What Stinks About Washington
Patrick J. Buchanan
December 13 2002
He was an ancient among the boys of the Greatest Generation. Thirty-nine years old, a sitting judge at the time of Pearl Harbor, he resigned from the bench and volunteered for the 82nd Airborne, the bravest of the brave.
On D-Day, he crash-landed in a glider in France, hours before the Higgins boats hit the beach, and helped liberate Ste. Mere-Eglise. Days later, he was photographed driving a military vehicle that had lately been the property of the Third Reich. Decorated for wounds and valor, he was with the Army unit that liberated Buchenwald.
He was Lt. Col. J. Strom Thurmond. As governor of South Carolina in 1948, he was the nominee of the States Rights Party, the Dixiecrats who bolted Truman's Democratic party over civil rights. "Strom," as America would come to know him, carried only four states.
Elected to the Senate as a Democrat, he became the nation's most famous segregationist. For 23 hours, he filibustered the 1957 Civil Rights Act and stood with Barry Goldwater to vote "no" on the Civil Rights Act of 1964, bolted the party again and was crucial in leading the South into the Nixon camp at the Miami convention.
But as segregation died in Dixie, Strom adjusted. He courted black voters, hired black staffers, urged the nomination of black judges.
Last week, the grand old man was feted at a 100th birthday party at which the new majority leader, Trent Lott of Mississippi, declared: "I want to say this about my state. When Strom Thurmond ran for president, we voted for him. We're proud of it. And if the rest of the country had followed our lead, we wouldn't have had all these problems over these years, either."
The words were said in gracious tribute. But the malicious saw opportunity. Tom Edsall of the Washington Post dug up 54-year-old Thurmond quotes ("All the laws of Washington and all the bayonets of the Army cannot force the Negro into our homes, our schools, our churches"), then phoned around to elicit the "outrage" he had sought to incite. As ever, the left and a few neoconservatives were delighted to contribute.
"Oh, God," wailed William Kristol, whose old man, Irving, has not yet apologized for having been a Trotskyite two decades after Lenin and Trotsky began the extermination of Russian Christians.
David Frum, cashiered White House speechwriter, Jonah Goldberg of National Review and Andrew Sullivan piled on, parading their moral credentials by kicking Lott when he was down.
Al Gore, whose father voted with Strom to kill the Civil Rights Act of 1964, called Lott's tribute a "racist statement" and said he must resign. "It is not a small thing for one of the half-dozen most prominent political leaders in America to say that our problems are caused by integration and that we should have a segregationist candidate. ... That is divisive, and it is divisive along racial lines."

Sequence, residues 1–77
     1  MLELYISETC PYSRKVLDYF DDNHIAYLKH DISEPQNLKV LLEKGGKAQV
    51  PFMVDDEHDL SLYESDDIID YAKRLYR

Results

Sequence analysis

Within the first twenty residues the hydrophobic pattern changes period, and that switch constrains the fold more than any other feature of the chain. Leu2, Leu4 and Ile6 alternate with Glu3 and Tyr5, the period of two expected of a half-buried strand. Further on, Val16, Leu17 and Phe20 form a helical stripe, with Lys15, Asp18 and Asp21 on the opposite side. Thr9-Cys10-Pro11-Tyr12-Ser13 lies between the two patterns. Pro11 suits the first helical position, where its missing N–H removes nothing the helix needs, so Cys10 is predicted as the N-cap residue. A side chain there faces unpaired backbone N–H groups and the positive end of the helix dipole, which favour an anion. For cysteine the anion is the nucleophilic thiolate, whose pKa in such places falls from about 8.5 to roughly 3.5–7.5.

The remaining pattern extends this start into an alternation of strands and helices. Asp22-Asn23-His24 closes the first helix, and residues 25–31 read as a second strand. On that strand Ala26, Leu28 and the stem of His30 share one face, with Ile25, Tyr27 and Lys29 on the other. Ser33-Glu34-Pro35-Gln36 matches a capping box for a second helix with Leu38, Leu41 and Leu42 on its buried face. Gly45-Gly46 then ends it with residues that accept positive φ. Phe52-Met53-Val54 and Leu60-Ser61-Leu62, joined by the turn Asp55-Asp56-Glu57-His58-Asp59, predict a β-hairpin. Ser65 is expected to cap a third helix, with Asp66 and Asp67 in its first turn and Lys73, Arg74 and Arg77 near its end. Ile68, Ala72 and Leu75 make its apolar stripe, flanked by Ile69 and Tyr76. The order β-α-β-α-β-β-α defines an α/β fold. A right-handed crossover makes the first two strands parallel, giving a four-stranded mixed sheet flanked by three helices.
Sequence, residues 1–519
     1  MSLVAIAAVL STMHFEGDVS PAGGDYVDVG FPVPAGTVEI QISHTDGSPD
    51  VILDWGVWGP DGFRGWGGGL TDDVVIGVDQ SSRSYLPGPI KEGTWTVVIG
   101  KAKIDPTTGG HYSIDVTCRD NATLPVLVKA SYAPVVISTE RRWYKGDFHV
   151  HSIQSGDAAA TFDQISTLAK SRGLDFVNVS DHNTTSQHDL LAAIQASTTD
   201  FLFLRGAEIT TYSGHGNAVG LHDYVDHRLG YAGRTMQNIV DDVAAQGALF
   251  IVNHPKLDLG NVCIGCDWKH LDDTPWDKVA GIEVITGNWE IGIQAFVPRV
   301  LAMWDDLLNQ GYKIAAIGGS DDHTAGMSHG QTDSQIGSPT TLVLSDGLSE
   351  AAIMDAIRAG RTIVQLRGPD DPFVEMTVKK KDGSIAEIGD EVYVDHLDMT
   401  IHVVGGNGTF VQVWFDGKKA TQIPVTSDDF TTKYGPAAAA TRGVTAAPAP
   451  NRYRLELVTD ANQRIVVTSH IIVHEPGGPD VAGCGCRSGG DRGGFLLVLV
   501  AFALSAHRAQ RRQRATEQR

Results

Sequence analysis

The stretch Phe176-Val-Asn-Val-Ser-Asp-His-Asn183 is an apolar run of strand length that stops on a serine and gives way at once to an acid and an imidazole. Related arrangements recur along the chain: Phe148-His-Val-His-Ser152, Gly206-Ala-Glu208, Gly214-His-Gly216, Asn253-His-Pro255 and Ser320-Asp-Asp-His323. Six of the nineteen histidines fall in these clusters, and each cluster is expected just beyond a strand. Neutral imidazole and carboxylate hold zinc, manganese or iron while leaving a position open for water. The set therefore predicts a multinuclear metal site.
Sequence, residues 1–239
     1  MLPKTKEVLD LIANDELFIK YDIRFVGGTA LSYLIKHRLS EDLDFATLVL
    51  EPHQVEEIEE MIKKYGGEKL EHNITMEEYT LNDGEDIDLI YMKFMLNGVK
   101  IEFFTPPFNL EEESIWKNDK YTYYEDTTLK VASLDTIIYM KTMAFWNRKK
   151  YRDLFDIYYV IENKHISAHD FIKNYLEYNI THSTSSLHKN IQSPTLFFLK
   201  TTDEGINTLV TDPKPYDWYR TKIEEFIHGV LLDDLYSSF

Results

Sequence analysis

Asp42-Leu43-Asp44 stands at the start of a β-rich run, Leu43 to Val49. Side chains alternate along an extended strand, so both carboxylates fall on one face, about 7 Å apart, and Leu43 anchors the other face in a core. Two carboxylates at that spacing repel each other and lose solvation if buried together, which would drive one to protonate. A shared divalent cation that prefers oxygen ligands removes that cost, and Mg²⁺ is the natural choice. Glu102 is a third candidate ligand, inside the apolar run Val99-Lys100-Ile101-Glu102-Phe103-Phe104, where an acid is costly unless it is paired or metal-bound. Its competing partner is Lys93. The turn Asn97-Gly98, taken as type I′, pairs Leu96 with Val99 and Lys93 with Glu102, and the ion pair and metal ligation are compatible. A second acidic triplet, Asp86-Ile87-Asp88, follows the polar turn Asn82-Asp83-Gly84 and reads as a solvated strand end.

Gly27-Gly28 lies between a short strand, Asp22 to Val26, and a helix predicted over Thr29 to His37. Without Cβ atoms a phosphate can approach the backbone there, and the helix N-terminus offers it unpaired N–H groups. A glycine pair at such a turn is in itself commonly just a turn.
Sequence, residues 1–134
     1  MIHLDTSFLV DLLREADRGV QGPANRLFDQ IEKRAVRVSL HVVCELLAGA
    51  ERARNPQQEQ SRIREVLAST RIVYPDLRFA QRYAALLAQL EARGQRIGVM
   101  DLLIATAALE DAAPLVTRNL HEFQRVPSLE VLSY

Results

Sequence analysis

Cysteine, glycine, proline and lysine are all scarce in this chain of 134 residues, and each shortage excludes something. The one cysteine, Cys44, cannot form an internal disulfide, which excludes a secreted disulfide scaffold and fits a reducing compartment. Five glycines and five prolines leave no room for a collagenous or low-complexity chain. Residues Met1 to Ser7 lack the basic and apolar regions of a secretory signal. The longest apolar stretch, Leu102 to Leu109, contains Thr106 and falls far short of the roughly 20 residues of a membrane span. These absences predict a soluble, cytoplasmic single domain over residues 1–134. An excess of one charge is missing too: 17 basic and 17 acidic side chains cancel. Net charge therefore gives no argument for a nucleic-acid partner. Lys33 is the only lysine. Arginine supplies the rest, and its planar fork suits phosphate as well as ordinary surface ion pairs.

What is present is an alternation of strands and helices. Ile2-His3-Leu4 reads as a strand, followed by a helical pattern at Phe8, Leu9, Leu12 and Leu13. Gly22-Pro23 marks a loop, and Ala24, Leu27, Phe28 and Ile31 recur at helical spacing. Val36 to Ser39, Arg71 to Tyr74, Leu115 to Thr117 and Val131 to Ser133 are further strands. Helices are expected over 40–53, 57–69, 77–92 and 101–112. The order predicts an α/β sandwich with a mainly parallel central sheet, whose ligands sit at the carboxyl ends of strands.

No, Al, it is you, with this malicious twisting of what Lott said and meant, who are mining the rich vein of racist politics. For keeping the races polarized and black folks believing Republicans want re-segregation, or worse, is how you "energize the base." In 2000, Gore suggested at a black church that what Bush meant by strict construction of the Constitution was to go back to when "some people were considered three-fifths of a human being."
Smelling blood, Jesse Jackson called for Lott's ouster. Lott, he said, "is an unrepentant Confederate who cannot speak for all Americans." But Trent Lott can surely speak for Mississippi. Who ever elected Rev. Jesse to speak for anybody?
"Lott's statement is the kind of callous, calculated, hateful bigotry that has no place in the halls of Congress. His remarks are dangerously divisive," said Kweisi Mfume of the NAACP, doing his best to deepen that division. Put Mfume's comment alongside Lott's and decide for yourself which manifests "hateful bigotry."
When Democratic leader Tom Daschle suggested that Lott meant no harm, Black Caucus Rep. Maxine Waters landed on him with both feet. A scorched Daschle hurriedly saw the light. Lott's words, he said, "were offensive to those who believe in freedom and equality."
Trying to stem the tide of venom coming his way, Lott offered an apology: "A poor choice of words conveyed to some the impression that I embraced the discarded politics of the past. Nothing could be further from the truth, and I apologize to anyone who was offended by my statement."
But the bleating of sheep only excites the gathering wolves, and the clamor grows for a full grovel, or resignation. What we are witnessing is the lynching of a good man who made a bad choice of words in a birthday tribute to an old man whose sins are no more scarlet than those of the rest of us. It stinks to heaven, but it is what passes for morality in Washington.
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